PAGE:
PH two-way trade showing signs of life, says Pantheon

PH two-way trade showing signs of life, says Pantheon

MANILA, Philippines — Better days may be ahead for the Philippines’ external trade as exports looked to break months of slow downtrend while imports finally showed signs of life, London-based Pantheon Macroeconomics said.

In a commentary sent to journalists, Miguel Chanco, chief Emerging Asia economist at Pantheon, said the big trade deficit recorded in April was a welcome development after figures showed a “solid bounce-back in two-way trade.”

Data from the Philippine Statistics Authority (PSA) showed the country’s balance of trade—or the difference between the value of exports and imports—tilted to a deficit of $4.76 billion, the largest in five months but was smaller by 1.5 percent compared with a year ago.


READ: April trade deficit widens to $4.76 billion — PSA


That the country continued to post a trade deficit means it spent more on imports than earned from export sales during the month. As it is, a large trade gap could put pressure on the peso, which had been trading at 19-month lows in recent weeks, although Pantheon’s Chanco said it was OK to “swallow” the wide trade shortfall in April.

“We’ll swallow the Philippines’ big April deficit, as imports showed signs of life,” Chanco said, adding that the big trade deficit during the month was “amplified” by “very favorable base effects.”

Dissecting the PSA’s report, exports grew by 26.4 percent year-on-year in April to $6.2 billion after sales of electronic products, the country’s top export, went up by 33.3 percent to $3.6 billion.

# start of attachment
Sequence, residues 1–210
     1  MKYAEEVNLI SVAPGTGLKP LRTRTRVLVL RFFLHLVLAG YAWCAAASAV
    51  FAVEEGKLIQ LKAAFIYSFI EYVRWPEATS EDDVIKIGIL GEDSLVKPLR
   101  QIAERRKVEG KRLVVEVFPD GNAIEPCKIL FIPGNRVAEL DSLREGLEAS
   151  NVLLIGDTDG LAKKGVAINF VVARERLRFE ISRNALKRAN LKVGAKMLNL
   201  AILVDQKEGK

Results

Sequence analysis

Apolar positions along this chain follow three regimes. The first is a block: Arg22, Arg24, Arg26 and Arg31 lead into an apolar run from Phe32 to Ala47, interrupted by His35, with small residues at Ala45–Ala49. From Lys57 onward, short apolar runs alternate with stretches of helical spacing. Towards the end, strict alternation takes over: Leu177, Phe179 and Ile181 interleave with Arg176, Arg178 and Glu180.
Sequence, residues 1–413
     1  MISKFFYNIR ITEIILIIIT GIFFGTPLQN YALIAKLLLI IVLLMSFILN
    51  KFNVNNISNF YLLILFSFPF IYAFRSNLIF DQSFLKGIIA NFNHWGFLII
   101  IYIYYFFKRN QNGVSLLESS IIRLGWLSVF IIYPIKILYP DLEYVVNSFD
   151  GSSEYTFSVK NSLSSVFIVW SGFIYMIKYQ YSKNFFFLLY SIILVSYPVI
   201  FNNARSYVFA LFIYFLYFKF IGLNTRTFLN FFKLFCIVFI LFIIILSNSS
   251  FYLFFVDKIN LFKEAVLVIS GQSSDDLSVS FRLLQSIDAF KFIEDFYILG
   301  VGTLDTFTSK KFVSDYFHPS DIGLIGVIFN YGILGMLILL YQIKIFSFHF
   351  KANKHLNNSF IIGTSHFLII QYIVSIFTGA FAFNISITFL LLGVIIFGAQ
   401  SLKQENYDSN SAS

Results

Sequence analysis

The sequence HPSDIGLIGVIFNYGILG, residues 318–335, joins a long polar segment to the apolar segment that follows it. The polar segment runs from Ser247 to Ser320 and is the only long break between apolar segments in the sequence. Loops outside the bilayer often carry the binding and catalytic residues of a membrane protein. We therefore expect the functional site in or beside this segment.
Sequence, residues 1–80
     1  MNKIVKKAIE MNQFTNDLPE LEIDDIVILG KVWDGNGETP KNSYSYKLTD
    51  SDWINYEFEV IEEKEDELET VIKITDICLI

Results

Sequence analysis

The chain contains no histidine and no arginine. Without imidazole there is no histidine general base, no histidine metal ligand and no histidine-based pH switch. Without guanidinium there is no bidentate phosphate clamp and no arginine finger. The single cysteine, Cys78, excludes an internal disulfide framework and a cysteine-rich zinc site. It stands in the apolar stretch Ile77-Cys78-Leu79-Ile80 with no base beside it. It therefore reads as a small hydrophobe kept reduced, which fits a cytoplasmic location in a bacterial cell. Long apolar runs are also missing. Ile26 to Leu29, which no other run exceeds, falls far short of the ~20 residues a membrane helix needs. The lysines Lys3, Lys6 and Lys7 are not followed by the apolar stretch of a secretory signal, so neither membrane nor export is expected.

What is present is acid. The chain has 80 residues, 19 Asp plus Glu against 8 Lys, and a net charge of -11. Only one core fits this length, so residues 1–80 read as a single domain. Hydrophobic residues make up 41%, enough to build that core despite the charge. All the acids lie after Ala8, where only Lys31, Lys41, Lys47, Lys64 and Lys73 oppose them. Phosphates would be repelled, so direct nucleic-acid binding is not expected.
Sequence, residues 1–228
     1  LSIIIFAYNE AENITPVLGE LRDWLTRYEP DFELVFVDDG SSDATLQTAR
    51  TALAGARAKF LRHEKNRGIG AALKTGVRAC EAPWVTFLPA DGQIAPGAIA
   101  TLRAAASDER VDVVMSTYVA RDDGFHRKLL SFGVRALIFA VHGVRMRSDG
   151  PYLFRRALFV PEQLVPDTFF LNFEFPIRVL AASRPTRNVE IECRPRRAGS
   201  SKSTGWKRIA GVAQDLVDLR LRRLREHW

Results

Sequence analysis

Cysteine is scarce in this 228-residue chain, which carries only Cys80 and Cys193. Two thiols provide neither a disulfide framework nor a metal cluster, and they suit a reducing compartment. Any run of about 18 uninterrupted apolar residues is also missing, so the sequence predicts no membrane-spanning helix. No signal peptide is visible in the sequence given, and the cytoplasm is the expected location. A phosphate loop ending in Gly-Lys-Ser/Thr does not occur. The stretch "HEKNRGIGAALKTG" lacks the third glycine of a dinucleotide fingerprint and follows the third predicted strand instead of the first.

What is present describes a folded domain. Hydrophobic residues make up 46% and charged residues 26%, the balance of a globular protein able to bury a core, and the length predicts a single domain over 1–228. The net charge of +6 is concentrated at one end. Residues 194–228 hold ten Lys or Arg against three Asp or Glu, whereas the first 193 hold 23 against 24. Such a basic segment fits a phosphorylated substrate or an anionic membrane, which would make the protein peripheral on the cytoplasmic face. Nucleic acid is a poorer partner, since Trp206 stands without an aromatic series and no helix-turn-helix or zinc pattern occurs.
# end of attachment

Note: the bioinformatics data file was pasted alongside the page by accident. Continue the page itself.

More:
Break from downtrend

Based on Pantheon’s month-on-month adjustment, outbound shipments rebounded to a seven-month high of 2.3 percent and were “looking to break from the gradual downtrend that has been in place since September last year.”

“Demand from Hong Kong is picking up rapidly, while shipments to the US continue to regain upward momentum steadily, offsetting the sluggishness in exports to China, which continued at the start of the second quarter,” Chanco said.

READ: Big reduction in PH trade gap unlikely in 2024, says ANZ


Meanwhile, imports—a gauge of domestic demand conditions—grew at an annualized rate of 12.6 percent to $10.98 billion, the best expansion in 19 months. For Pantheon, such a development could signal a rebound in economic activity, adding that inbound shipments of major goods would have to show a more convincing uptrend in the coming months.

”Nonetheless, the April [imports] rise was broad-based and fairly robust across the board. It will take more than a single month of good data, however, to stop imports of consumer goods from rolling over further,” Chanco said.

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“Fortunately, purchases of capital goods continue to find their feet, though they have a lot of catching up to do,” he added.

TAGS: Exports, Trade

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